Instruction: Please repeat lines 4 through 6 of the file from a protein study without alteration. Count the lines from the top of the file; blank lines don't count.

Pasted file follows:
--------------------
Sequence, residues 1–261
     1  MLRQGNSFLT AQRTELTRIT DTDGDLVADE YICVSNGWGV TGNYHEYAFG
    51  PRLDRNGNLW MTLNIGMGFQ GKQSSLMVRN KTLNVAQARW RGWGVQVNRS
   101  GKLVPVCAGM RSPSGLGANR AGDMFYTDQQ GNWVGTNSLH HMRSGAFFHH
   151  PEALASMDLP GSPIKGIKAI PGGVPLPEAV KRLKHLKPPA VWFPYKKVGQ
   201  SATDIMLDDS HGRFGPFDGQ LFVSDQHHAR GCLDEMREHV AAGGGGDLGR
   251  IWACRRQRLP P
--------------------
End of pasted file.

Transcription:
   101  GKLVPVCAGM RSPSGLGANR AGDMFYTDQQ GNWVGTNSLH HMRSGAFFHH
   151  PEALASMDLP GSPIKGIKAI PGGVPLPEAV KRLKHLKPPA VWFPYKKVGQ
   201  SATDIMLDDS HGRFGPFDGQ LFVSDQHHAR GCLDEMREHV AAGGGGDLGR